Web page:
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Mr. Vargas has made a compelling film that brings into focus what it really means to be an American. It is not a piece of paper, a birth certificate, a passport, or the luck of being born here. It is a love of country, which Mr. Vargas has in abundance. It is also about hard work and struggle. My Vargas’ grandparents were U.S. citizens and brought him to the USA when he was 12. He became an outstanding student and with the help of dozens of friends, mentors, and surrogate parents, he achieved the American dream. However, the cost of this dream were high, and not being able to be open about his status exacted a toll on his psyche. Seeing other young immigrants struggling to keep their families together and lobby Congress to pass the Dream Act., made him realize that he could use his talents as a writer to help America to peel back the layers and understand the complicated issue of immigration reform. The complexity of the topic has been lost in the political bickering and punditry that characterizes our political system and our society. Sound-bites are particularly inappropriate to understand this complex topic. The film sheds a bright and focused light, like very few other films on this topic. It also highlights his struggle to repair his relationship with his mother, who for twenty years had been trapped half way across the world (in the Philippines) with no way to see her son. The film shows that there are thousands of young adults from all over the world who face the same situation. At one moment towards the end of the film, Mr. Vargas is invited to testify before the Senate. His words are profound and he leaves the Senators with the following question that I think we all must consider thoroughly: “What are you going to do with people like me?” There is not one person who does not recognize how dysfunctional our current immigration system has become. Almost as dysfunctional as our political system. It cannot be acceptable in 21st Century America to have some individuals relegated to the back of the bus, or thrown off the bus after having established such strong roots and allegiances to this country. As Mr. Vargas stated, everyone is entitled to his or her own opinions, “but not their own facts.” Before making a decision, one should see this film and lean the facts.

“Granito: How to Nail A Dictator” to air on some public television stations

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I was a Peace Corps Volunteer in Guatemala in the late 1980s.  Since that time, I have tried to stay informed about what is going on there.  It is an amazingly beautiful country with a brutally violent history.  It was with great sadness that I recently learned that the United States will no longer send volunteers to Guatemala and many other Central American countries because of an escalation of drug war violence.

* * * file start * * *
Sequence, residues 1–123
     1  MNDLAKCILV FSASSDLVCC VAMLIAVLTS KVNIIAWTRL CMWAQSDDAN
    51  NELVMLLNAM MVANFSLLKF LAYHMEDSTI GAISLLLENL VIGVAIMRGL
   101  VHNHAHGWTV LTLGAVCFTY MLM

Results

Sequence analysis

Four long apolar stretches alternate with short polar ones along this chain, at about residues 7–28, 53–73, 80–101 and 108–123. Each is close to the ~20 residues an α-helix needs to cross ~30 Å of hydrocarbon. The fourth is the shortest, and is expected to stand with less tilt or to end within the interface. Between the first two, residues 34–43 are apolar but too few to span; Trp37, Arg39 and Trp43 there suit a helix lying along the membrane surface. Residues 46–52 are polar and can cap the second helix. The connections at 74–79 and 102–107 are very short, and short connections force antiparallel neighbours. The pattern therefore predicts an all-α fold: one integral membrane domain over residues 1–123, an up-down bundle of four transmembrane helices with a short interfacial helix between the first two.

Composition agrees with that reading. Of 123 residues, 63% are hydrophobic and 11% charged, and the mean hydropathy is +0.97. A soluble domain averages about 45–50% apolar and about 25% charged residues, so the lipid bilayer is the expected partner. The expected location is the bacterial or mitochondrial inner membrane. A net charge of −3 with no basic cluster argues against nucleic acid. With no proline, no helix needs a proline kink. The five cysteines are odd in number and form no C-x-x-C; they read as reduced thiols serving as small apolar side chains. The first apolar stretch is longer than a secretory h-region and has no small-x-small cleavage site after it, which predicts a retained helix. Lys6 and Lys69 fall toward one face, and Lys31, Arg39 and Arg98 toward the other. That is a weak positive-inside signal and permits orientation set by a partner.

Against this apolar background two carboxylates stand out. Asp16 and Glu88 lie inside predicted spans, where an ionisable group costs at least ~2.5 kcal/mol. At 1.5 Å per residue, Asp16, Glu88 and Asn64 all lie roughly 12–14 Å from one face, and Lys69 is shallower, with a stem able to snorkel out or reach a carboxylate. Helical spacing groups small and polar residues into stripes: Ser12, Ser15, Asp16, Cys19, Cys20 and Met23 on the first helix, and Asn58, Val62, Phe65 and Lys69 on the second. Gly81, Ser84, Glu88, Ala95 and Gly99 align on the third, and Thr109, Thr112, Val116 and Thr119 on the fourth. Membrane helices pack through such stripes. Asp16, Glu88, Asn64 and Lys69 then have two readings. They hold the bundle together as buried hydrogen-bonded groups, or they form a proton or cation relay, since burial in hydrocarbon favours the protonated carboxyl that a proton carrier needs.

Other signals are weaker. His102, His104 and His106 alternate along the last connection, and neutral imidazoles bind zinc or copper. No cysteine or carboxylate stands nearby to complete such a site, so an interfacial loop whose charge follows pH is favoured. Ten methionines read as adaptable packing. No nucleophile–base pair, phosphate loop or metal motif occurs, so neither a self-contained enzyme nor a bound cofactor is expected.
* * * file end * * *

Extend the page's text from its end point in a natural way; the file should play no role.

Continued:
(As an aside, I recommend that you watch http://www.thehouseilivein.org/ for why the drug war is a failure.)

The purpose of this post is to highlight the national distribution of “Granito: How to Nail A Dictator,” which I have heard is an amazing film and will be nationally broadcast on public television stations starting on Thursday, June 28.

However, as I explained in the post below, many public television stations have decided not to air it at all (this seems to be true for WHUT and MPT), and some, like WETA, have decided to air this film only in the middle of the night. 

How is it that Antiques Roadshow can air repeatedly occupying many prime viewing slots and an amazing documentary film is relegated to the middle of the nightSee post below to help correct this problem.

New Peace Corps Promotional video (13 minute)

I’m looking forward to the 50th Anniversary commemoration of the Peace Corps next weekend. There is going to be a story slam, a gathering of Peace Corps authors, a Third Goal Bash, Embassy receptions, and a march to President Kennedy’s Tomb. Below is the latest recruitment video from the Peace Corps. While it is good, it seems to have omitted the traditional refrain, “The Toughest Job You’ll Ever Love,” which is too bad because it was quite apropos. Also, the video seems to gloss over some of the real challenges of living in the third world. Anyway, its worth watching if you are considering the Peace Corps. Another, more time-intensive way to learn about the Peace Corps is to read some of the books written by Peace Corps volunteers. This is one of my favorites, but there are dozens that I have really liked and none that I have not liked: Under the Neem Tree, by Susan Lowerre (Senegal 1985–87). Without a doubt, the Peace Corps is not for everyone, but if it is right for you, it will be a remarkable, life-changing experience that you will cherish. It will alter your life path in a significant way.